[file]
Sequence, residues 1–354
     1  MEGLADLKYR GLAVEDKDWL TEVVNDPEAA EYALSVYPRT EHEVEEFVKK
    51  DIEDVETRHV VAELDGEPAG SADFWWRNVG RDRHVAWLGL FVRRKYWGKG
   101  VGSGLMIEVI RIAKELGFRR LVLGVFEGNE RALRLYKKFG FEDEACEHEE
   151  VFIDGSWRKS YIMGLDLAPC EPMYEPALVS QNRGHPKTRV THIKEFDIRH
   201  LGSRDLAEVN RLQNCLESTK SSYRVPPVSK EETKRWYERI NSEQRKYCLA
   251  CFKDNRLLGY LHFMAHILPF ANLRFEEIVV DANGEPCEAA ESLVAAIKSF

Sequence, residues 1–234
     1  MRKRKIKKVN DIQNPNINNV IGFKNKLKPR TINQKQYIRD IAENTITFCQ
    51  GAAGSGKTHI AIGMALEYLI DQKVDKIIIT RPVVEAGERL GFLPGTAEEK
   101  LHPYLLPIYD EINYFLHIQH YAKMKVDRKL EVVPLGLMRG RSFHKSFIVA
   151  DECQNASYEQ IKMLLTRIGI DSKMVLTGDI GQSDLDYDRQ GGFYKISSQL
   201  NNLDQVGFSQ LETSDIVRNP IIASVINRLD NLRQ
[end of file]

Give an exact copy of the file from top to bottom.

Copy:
Sequence, residues 1–354
     1  MEGLADLKYR GLAVEDKDWL TEVVNDPEAA EYALSVYPRT EHEVEEFVKK
    51  DIEDVETRHV VAELDGEPAG SADFWWRNVG RDRHVAWLGL FVRRKYWGKG
   101  VGSGLMIEVI RIAKELGFRR LVLGVFEGNE RALRLYKKFG FEDEACEHEE
   151  VFIDGSWRKS YIMGLDLAPC EPMYEPALVS QNRGHPKTRV THIKEFDIRH
   201  LGSRDLAEVN RLQNCLESTK SSYRVPPVSK EETKRWYERI NSEQRKYCLA
   251  CFKDNRLLGY LHFMAHILPF ANLRFEEIVV DANGEPCEAA ESLVAAIKSF

Sequence, residues 1–234
     1  MRKRKIKKVN DIQNPNINNV IGFKNKLKPR TINQKQYIRD IAENTITFCQ
    51  GAAGSGKTHI AIGMALEYLI DQKVDKIIIT RPVVEAGERL GFLPGTAEEK
   101  LHPYLLPIYD EINYFLHIQH YAKMKVDRKL EVVPLGLMRG RSFHKSFIVA
   151  DECQNASYEQ IKMLLTRIGI DSKMVLTGDI GQSDLDYDRQ GGFYKISSQL
   201  NNLDQVGFSQ LETSDIVRNP IIASVINRLD NLRQ